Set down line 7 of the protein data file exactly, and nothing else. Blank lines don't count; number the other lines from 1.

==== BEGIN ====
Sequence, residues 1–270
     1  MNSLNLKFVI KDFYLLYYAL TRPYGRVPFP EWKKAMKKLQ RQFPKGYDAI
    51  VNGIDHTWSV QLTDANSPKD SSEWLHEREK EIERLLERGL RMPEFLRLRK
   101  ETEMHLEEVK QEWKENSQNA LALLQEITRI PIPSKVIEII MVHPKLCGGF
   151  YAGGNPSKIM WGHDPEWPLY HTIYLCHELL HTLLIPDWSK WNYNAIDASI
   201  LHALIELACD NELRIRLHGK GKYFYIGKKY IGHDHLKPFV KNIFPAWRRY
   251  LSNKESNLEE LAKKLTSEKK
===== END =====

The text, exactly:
   251  LSNKESNLEE LAKKLTSEKK